By Greg Laurie
“Although I want to do good, evil is right there with me. For in my inner being I delight in God’s law; but I see another law at work in me, waging war against the law of my mind and making me a prisoner of the law of sin at work within me. What a wretched man I am! Who will rescue me from this body that is subject to death?”—Romans 7:15–24
Reflecting back on his life and the awful period of substance abuse, Johnny Cash said in 1975, “I know that the hand of God was never off me, no matter what condition I was in, for there is no other way to explain my escaping the many, many accidents I had.”
By his own estimation he had wrecked virtually every car he ever owned, totaled two jeeps and a camper, and overturned two tractors and a bulldozer. He sank two boats in separate incidents and once leaped from a truck just before it went over a 600-foot cliff.
After long, frenzied drug binges, just before he drifted off into unconsciousness, Cash sometimes heard a quiet voice say, “I am your God. I am still here. And I am still waiting. I still love you.”
Not every drug addict or alcoholic wants to leave that life behind. Some actually find a form of comfort in that darkness.
God was ready to change the singer’s life, but Cash was not quite ready for the Lord to do that. So, the struggle continued.
Cash often vowed to change, to go back to church and be the kind of man his brother Jack would have been and would want him to be. But he always relapsed. His body’s craving for amphetamines overruled His heart’s desire for righteousness. It was a true Jekyll-and-Hyde existence.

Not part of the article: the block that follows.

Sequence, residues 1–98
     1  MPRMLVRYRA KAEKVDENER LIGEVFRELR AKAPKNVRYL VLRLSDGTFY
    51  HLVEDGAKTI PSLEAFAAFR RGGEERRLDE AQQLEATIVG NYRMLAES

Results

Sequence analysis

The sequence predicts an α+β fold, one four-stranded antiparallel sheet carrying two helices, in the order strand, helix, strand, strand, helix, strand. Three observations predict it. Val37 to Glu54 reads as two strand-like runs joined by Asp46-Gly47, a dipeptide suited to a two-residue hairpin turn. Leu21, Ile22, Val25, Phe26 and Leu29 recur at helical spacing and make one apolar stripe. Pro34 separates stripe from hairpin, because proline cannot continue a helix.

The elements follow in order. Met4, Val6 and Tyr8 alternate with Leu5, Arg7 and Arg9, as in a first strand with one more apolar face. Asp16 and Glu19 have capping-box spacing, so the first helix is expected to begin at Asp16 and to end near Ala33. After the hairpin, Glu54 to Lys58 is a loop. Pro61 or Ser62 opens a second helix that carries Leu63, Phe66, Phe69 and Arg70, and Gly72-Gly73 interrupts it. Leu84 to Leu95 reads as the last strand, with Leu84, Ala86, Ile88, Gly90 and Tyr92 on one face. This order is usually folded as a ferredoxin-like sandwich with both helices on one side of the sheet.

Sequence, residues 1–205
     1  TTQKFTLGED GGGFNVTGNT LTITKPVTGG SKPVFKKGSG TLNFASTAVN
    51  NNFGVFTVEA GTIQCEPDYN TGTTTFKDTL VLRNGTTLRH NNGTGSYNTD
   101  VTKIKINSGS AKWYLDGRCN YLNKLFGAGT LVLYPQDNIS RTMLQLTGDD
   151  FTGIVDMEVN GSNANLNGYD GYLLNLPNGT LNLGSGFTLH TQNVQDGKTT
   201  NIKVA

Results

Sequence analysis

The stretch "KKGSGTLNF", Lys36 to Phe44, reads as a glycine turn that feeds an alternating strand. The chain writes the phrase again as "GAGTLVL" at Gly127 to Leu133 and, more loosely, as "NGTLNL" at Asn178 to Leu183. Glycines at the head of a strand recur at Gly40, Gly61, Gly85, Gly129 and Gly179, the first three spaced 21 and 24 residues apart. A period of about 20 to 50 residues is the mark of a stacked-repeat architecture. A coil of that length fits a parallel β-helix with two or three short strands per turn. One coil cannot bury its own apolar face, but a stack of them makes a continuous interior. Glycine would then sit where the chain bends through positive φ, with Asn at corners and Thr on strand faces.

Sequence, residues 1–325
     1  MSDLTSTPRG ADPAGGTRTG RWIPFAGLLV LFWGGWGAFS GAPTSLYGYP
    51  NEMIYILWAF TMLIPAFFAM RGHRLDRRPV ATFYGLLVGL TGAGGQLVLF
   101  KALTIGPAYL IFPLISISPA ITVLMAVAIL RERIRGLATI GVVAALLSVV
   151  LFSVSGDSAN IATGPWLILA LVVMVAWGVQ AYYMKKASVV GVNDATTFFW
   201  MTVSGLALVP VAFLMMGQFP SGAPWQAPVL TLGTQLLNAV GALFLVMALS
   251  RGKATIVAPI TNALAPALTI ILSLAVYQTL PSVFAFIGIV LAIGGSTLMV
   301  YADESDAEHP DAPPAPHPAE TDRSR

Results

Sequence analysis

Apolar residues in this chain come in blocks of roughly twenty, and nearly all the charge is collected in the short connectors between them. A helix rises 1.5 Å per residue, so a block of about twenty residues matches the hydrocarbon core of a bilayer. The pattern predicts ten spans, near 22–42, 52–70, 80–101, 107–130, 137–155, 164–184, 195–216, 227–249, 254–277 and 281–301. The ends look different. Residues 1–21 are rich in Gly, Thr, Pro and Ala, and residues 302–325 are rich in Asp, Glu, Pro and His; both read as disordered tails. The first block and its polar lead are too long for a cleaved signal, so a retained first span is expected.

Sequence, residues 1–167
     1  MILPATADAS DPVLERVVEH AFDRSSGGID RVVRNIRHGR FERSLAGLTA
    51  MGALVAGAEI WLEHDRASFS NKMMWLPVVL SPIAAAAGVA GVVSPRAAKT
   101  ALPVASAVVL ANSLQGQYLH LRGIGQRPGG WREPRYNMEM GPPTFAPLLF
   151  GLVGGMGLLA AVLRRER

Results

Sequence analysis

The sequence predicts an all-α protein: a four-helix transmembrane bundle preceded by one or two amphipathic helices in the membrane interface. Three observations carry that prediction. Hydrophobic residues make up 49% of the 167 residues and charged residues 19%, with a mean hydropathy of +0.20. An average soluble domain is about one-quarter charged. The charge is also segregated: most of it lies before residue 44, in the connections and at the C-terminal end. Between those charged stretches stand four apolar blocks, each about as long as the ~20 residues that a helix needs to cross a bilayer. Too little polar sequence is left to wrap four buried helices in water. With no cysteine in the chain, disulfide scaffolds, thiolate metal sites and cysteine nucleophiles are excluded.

Now there is in Jerusalem by the Sheep Gate a pool, which is called in Hebrew, Bethesda, having five porches. In these lay a great multitude of sick people, blind, lame, paralyzed, waiting for the moving of the water. For an angel went down at a certain time into the pool and stirred up the water; then whoever stepped in first, after the stirring of the water, was made well of whatever disease he had. Now a certain man was there who had an infirmity thirty-eight years. When Jesus saw him lying there, and knew that he already had been in that condition a long time, He said to him, “Do you want to be made well?” (John 5:2–6 NKJV)
Why would Jesus ask a man in that condition if he wants to be made well? Wouldn’t it be obvious?
For those who live according to the flesh set their minds on the things of the flesh, but those who live according to the Spirit, the things of the Spirit. For to be carnally minded is death, but to be spiritually minded is life and peace. Because the carnal mind is enmity against God; for it is not subject to the law of God, nor indeed can be. (Romans 8:5–7 NKJV)
Where do the pursuit of worldly pleasures and the desires of the flesh inevitably lead?
I do not understand what I do. For what I want to do I do not do, but what I hate I do. And if I do what I do not want to do, I agree that the law is good. As it is, it is no longer I myself who do it, but it is sin living in me. For I know that good itself does not dwell in me, that is, in my sinful nature. For I have the desire to do what is good, but I cannot carry it out. For I do not do the good I want to do, but the evil I do not want to do—this I keep on doing. Now if I do what I do not want to do, it is no longer I who do it, but it is sin living in me that does it.
So I find this law at work: Although I want to do good, evil is right there with me. For in my inner being I delight in God’s law; but I see another law at work in me, waging war against the law of my mind and making me a prisoner of the law of sin at work within me. What a wretched man I am! Who will rescue me from this body that is subject to death? (Romans 7:15–24 NIV)
Have you ever experienced a Jekyll-and-Hyde existence where there are two warring opponents within? What is the answer to the question Paul poses in the verses above?
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